Like Willie Wonka's infamous jaw-breaker, NYC is made up of layer upon layer of distinctly different flavors, stacked snugly one on top of the other. Rem Koolhaas says that New York is fated to a "Cyclic restatement of a single theme: creation and destruction irrevocably interlocked, endlessly reenacted. Barbarism giving way to refinement." So if it's worth sucking away at some of the layers, then we might as well eat our way to the very historical core, when Mother Nature's wild children roamed the lush hills, valleys and marshlands of New York. It was 1609 when the Mohican tribes lost the land that was originally their birthright to Henry Hudson and the parade of "civilized", white culture which closely followed. The old world (Europe and Eastern civilization) was becoming over crowded and people were looking to the west - towards the promised land. Millions of Christians were ready to cross their arresting geographical barrier into the unknown, new world of America. "North American barbarism insidiously giving way to European refinement." Sometime in the mid 1620's, New Amsterdam (the original name for New York) was colonized and the whole aboriginal race was plucked by the stem and uprooted. FAST FORWARD: ABOUT TWO HUNDRED YEARS It's the early 1800's and humans have congregated in unprecedented densities in Manhattan. Richard Woodhill begins to offer a ferry service departing from Corlear's Hook in Manhattan. The destination: his recently purchased 13 acre parcel of land - which he named Jonathan Williams. The ferry docks at the foot of what is now N.2nd Street in Brooklyn. He was hoping to develop a domestic refuge for the masses working in the city; alas, Woodhill's plans never came to fruition. Then, in 1818, David Dunham succeeded where Woodhill had not, becoming the father of Williamsburgh. In 1852, with the population just brimming at 31 thousand, Williamsburgh incorporated as a city, consolidated with Brooklyn, and dropped the "h" to become Williamsburg. The community, which was agriculturally based, rapidly became what might be called North America's first suburb. Skirting the world's greatest industrial carnival, it was inevitable that people would seek cover from life's laborious storm, in the waiting arms of Williamsburg. Sanctuary was just a boat ride across the East River.


Then in 1883, Brooklyn officially consummated its relationship to Manhattan, with the completion of the Brooklyn Bridge. The Culture of Congestion. New York architecture is a model for the exploitation of congestion. Between 1890 and 1940 a new culture selected manhattan as a laboratory - where the invention and testing of a metropolitan lifestyle and its attendant architecture could be pursued as a collective experiment in which the entire city became a factory of man made experience. Here, the splendor and misery of the metropolitan condition combine to formulate hyper density. The recipe alchemizes innovation with absurdity, and a strange brew bubbles over. Peoples' attitudes were on the cusp of daring adventure. It is the turn of the century - the gay nineties. There is an air of the fantastic surrounding everything and anything is possible. MAKING NUMBER TWO By 1900, the population of Williamsburg had escalated to 105 thousand. Under pressure from Senator Patrick McCarren, the powers that be in Albany, grudgingly appropriated funds for the building of the Williamsburg Bridge. The building committee commissioned Lefert L. Buck to design what was provisionally called, "No. 2". It was the beginning of a new age - that of the machine - brightly lit by the industrial dawning of steel. Buck put himself at the epicenter of this innovation by erecting two steel towers - looming 325 feet over the East River. The bridge was criticized from the moment the plan was unveiled, for its graceless form and bald utility. Built as an alternative to the overcrowded Brooklyn Bridge, it was the longest and heaviest suspension bridge in the world. Buck reinforced his behemoth creation with steel lattice work, called stiffening trusses. The structures which extend between the anchorages, (and give the bridge great strength) were not aesthetically favored by citizens at large. The design could have been a response to Alexendre Gustav Eiffel, who had become famous for his tower - built in 1889. It's even possible that the two prodigious architects could have met previously when they were both building railways in South America, circa late 1870's. But there was something Buck was doing that Eiffel had not; he was using steel. Favored or not, Buck was clearly at the forefront of this particular architectural revolution. Consistent with its cycle of destroying the old to make way for the new, the city went about auctioning off homes that stood in the unfortunate way of progress.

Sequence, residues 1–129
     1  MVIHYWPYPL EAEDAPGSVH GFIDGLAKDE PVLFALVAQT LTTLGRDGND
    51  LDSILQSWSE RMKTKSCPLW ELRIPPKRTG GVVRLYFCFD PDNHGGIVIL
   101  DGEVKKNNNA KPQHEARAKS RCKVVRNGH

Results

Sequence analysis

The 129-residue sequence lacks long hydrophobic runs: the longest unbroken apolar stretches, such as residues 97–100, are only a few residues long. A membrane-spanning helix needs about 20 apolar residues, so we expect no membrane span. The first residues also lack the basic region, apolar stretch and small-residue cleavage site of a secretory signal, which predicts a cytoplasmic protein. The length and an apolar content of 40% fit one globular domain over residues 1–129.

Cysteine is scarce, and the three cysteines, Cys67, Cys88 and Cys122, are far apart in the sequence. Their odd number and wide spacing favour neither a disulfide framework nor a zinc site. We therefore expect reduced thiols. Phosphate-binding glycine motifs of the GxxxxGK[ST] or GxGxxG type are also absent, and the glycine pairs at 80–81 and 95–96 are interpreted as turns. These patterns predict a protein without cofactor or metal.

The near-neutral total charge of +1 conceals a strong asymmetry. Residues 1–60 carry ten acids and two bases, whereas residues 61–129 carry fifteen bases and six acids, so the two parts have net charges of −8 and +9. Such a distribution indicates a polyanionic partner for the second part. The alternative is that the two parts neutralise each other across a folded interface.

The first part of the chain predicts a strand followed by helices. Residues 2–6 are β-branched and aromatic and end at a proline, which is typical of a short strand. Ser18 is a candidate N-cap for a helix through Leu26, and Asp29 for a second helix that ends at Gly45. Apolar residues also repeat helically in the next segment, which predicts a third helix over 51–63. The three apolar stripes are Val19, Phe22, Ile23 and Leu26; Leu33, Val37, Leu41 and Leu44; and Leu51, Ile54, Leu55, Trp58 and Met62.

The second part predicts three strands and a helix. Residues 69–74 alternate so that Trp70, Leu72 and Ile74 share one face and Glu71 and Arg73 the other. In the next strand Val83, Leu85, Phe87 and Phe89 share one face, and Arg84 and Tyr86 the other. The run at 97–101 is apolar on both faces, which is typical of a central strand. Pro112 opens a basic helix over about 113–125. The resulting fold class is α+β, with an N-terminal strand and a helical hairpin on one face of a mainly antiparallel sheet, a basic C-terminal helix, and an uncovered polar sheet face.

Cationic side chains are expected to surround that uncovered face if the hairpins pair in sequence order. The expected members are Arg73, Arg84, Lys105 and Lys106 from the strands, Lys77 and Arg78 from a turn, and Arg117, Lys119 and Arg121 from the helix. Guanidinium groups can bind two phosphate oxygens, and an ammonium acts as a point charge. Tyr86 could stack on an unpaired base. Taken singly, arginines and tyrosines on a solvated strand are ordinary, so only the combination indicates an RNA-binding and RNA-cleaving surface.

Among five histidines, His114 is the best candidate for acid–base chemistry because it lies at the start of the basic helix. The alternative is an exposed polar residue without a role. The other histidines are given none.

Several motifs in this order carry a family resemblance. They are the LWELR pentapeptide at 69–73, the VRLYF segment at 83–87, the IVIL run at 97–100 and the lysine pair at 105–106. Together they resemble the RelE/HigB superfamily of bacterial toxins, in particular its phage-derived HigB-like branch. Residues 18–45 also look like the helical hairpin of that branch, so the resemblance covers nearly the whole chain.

The bridge was certainly no respecter of private property. The process was ruthless; as dwellings, churches and theaters were rapidly destroyed to make room for the entranceways on either side of the River. In Manhattan and Brooklyn together, almost 20 thousand people were displaced. Homes and landmarks were not the only casualties of advancement - thirty-one men lost their lives while building the bridge. Construction, was in and of itself a perilous feat. Men seemingly hung in mid-air, perched on a "false bridge" (wooden scaffolding) or dangled from a precarious pulley system as they ran the incredibly heavy cables back and forth. One of the most treacherous jobs was digging the foundations which would hold the anchorages. The men who dug were called sand hogs, and once they got down to a depth of 70-90 feet they were paid an astounding $3.25 per hour. Lack of oxygen and exhaustion allowing only a few hours of work at a time for each man. Originally scheduled to take five years to build, construction was set back by a disastrous fire in 1902. A rivet stove near the very top of the false bridge was tipped over by a weary worker and the wooden framework went up like a match. Fire fighters arrived at the scene, only to watch helplessly as the flames blazed over three hundred feet above their heads. Miraculously, the damage was minimal and construction resumed at an even more furious pace. Finally, on a cold and hazy morning. a gray, yet luminous veil hung over the East River and blanketed the seven thousand, three hundred and twenty-five foot long passageway. It was December 19, 1903, the official opening day of the Williamsburg Bridge. It had taken seven years, 15 million dollars and thirty one lives to create what most people were calling a monstrous eyesore. Now as the sun rose and the fog lifted, the Williamsburg Bridge came into full visibility. The Mayor of New York City, Seth Low stood at the entrance-way to the Manhattan side of the bridge. J. Edward Swanstrom, president of the Borough of Brooklyn, stood at the opposite end. At 2:30 pm the two men walked onto the bridge and a few minutes later, just east of the exact center, shook hands. It was a gesture which represented the manifestation of a dream called The Greater New York Area - the greatest city in the world. The same year that the WB opened, Frederick Thompson opened Luna Park, an amusement pavilion to rival Coney Island.